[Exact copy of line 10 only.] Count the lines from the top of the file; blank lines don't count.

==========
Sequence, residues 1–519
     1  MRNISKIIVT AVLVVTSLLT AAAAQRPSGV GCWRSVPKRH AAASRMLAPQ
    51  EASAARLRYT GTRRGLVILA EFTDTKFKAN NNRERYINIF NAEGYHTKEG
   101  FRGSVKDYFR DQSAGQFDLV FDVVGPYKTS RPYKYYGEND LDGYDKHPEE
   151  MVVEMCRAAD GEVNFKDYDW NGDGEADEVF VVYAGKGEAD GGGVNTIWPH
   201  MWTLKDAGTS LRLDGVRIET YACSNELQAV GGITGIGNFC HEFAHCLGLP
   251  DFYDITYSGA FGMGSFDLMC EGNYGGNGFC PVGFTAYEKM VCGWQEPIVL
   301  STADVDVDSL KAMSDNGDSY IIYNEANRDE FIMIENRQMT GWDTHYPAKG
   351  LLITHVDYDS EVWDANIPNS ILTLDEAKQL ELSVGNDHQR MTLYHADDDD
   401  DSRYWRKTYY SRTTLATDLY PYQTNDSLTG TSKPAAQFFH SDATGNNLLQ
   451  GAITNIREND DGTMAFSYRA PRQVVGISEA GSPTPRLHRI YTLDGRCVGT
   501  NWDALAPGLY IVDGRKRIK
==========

   401  DSRYWRKTYY SRTTLATDLY PYQTNDSLTG TSKPAAQFFH SDATGNNLLQ